MINNIE AND MOO MEET FRANKENSWINE

The two funniest, most winsome cows on the early-reading circuit have to be Minnie and Moo, always ready to engage any situation with a mixture of slapstick (Moo), sangfroid (Minnie), and a comical use of language. Here, the two are sleeping out under the stars when a storm blows in, bringing lightning and thunder. A bolt hits a nearby barn: “Lightning flashed. Thunder rumbled. There was a scream in the night.” The scream is that of a rooster who is convinced there is a monster in the barn. “Every chicken for himself,” the rooster squawks. Olga, a piglet, is missing, and worse still, when the animals flee to the farmhouse, it appears that the farmer’s leg has been pulled off by the monster and thrown out the window. At least it appears so to the animals; readers will notice rather quickly that the “leg” is an apple-tree branch. It takes Minnie’s sensible head to straighten things out, including the discovery of Olga, shimmering with a halo of electricity after standing too close to the milker when lightning struck. Deceptively sophisticated artwork and lively language—“ ‘Poor Olga,’ a pig wept. ‘Gone,’ cried another. ‘Gone, gone, gone,’ said Zeke. ‘Like a turkey through the corn,’ said Zack”—make this a joy for new readers to tackle. (Easy reader. 4-8)

Pub Date: Sept. 1, 2001

ISBN: 0-06-623748-3

Page Count: 48

Publisher: HarperCollins

Review Posted Online: May 20, 2010

Kirkus Reviews Issue: July 1, 2001

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A sweet, soft conversation starter and a charming gift.

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BECAUSE I HAD A TEACHER

A paean to teachers and their surrogates everywhere.

This gentle ode to a teacher’s skill at inspiring, encouraging, and being a role model is spoken, presumably, from a child’s viewpoint. However, the voice could equally be that of an adult, because who can’t look back upon teachers or other early mentors who gave of themselves and offered their pupils so much? Indeed, some of the self-aware, self-assured expressions herein seem perhaps more realistic as uttered from one who’s already grown. Alternatively, readers won’t fail to note that this small book, illustrated with gentle soy-ink drawings and featuring an adult-child bear duo engaged in various sedentary and lively pursuits, could just as easily be about human parent- (or grandparent-) child pairs: some of the softly colored illustrations depict scenarios that are more likely to occur within a home and/or other family-oriented setting. Makes sense: aren’t parents and other close family members children’s first teachers? This duality suggests that the book might be best shared one-on-one between a nostalgic adult and a child who’s developed some self-confidence, having learned a thing or two from a parent, grandparent, older relative, or classroom instructor.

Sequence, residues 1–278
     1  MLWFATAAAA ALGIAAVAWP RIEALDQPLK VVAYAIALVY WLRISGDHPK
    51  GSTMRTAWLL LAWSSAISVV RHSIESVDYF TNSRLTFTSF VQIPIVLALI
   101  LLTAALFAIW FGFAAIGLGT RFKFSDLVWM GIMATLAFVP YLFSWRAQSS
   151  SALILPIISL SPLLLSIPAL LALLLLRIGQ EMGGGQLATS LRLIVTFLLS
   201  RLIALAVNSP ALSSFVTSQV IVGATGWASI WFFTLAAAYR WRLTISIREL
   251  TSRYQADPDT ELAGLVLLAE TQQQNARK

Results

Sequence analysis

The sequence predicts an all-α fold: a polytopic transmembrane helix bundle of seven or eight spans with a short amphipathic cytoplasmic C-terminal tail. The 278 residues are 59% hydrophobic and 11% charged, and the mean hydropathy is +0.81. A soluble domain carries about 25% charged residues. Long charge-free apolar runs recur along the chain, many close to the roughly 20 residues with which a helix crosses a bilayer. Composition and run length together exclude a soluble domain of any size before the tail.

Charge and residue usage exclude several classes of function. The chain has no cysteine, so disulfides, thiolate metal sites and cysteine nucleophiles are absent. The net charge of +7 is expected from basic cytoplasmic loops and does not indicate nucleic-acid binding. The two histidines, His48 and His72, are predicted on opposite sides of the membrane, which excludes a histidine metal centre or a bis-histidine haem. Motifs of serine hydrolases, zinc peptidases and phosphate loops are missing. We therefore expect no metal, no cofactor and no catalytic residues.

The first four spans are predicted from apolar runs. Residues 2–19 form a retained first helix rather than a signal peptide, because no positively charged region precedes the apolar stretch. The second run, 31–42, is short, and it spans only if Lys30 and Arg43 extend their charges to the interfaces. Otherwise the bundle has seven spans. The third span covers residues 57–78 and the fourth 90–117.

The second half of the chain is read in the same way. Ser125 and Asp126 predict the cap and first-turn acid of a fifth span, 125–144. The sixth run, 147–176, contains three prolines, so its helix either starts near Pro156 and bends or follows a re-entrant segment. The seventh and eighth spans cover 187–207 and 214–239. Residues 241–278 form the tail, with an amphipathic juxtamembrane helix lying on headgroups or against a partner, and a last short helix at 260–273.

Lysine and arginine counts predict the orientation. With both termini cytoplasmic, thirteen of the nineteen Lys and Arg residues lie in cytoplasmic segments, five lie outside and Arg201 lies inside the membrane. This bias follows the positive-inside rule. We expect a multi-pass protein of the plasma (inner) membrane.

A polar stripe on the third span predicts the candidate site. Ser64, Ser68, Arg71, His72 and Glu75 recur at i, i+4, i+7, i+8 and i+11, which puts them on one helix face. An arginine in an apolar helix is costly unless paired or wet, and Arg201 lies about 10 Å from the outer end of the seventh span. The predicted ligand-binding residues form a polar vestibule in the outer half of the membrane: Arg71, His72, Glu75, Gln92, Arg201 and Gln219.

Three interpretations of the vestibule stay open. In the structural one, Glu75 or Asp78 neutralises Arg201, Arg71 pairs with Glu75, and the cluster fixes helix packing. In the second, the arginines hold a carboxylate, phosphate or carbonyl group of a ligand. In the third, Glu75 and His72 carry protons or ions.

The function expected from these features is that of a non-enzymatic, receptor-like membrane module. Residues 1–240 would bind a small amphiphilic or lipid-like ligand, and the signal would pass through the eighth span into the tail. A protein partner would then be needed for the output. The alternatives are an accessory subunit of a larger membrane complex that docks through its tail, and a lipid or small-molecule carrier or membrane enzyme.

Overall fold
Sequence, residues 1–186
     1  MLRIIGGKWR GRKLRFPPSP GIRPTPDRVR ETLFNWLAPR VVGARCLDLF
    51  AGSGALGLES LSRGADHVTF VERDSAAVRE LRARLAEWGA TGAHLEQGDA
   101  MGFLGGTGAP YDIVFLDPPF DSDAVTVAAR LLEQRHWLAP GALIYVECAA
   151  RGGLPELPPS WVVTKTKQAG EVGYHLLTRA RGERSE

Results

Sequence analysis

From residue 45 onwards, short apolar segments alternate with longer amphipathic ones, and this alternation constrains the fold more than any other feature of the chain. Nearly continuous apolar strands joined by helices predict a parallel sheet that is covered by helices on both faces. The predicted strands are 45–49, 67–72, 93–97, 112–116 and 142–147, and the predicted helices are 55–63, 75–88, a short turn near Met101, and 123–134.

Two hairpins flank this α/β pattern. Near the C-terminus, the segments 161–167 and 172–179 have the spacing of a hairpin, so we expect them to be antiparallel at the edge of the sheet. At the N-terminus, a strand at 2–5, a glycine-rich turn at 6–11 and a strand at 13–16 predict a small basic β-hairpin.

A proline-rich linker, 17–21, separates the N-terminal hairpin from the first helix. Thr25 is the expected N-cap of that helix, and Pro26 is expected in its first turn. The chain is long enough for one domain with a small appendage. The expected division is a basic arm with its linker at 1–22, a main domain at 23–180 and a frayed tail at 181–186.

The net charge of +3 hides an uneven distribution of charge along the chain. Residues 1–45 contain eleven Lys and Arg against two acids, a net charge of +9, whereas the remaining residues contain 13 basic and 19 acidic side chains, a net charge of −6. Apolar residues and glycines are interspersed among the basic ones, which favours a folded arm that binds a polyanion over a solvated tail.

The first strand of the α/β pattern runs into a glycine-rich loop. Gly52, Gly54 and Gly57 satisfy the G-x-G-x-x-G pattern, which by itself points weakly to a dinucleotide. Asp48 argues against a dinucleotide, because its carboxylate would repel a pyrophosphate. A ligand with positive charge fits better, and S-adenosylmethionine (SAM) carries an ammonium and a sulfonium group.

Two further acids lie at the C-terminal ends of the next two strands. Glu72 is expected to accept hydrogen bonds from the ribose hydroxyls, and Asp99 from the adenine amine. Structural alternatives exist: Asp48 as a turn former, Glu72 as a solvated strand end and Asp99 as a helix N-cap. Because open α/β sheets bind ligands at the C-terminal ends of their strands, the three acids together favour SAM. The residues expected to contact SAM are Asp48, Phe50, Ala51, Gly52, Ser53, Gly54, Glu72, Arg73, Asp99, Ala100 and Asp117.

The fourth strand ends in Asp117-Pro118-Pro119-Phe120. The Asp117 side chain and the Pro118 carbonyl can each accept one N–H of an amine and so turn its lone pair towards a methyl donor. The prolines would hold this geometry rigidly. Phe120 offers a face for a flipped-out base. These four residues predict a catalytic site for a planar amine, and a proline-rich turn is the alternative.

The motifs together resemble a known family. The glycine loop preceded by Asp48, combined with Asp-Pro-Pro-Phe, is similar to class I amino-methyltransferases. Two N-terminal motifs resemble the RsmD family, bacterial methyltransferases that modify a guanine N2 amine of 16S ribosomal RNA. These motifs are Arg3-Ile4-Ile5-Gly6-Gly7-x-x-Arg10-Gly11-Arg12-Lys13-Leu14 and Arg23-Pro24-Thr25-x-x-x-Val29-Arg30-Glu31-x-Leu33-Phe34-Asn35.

A sweet, soft conversation starter and a charming gift. (Picture book. 4-7)

Pub Date: March 1, 2017

ISBN: 978-1-943200-08-5

Page Count: 32

Publisher: Compendium

Review Posted Online: Dec. 14, 2016

Kirkus Reviews Issue: Jan. 1, 2017

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LAST DAY BLUES

From the Mrs. Hartwell's Classroom Adventures series

One more myth dispelled for all the students who believe that their teachers live in their classrooms. During the last week of school, Mrs. Hartwell and her students reflect on the things they will miss, while also looking forward to the fun that summer will bring. The kids want to cheer up their teacher, whom they imagine will be crying over lesson plans and missing them all summer long. But what gift will cheer her up? Numerous ideas are rejected, until Eddie comes up with the perfect plan. They all cooperate to create a rhyming ode to the school year and their teacher. Love’s renderings of the children are realistic, portraying the diversity of modern-day classrooms, from dress and expression to gender and skin color. She perfectly captures the emotional trauma the students imagine their teachers will go through as they leave for the summer. Her final illustration hysterically shatters that myth, and will have every teacher cheering aloud. What a perfect end to the school year. (Picture book. 5-8)

Pub Date: Feb. 1, 2006

ISBN: 1-58089-046-6

Page Count: 32

Publisher: Charlesbridge

Review Posted Online: May 20, 2010

Kirkus Reviews Issue: Jan. 15, 2006

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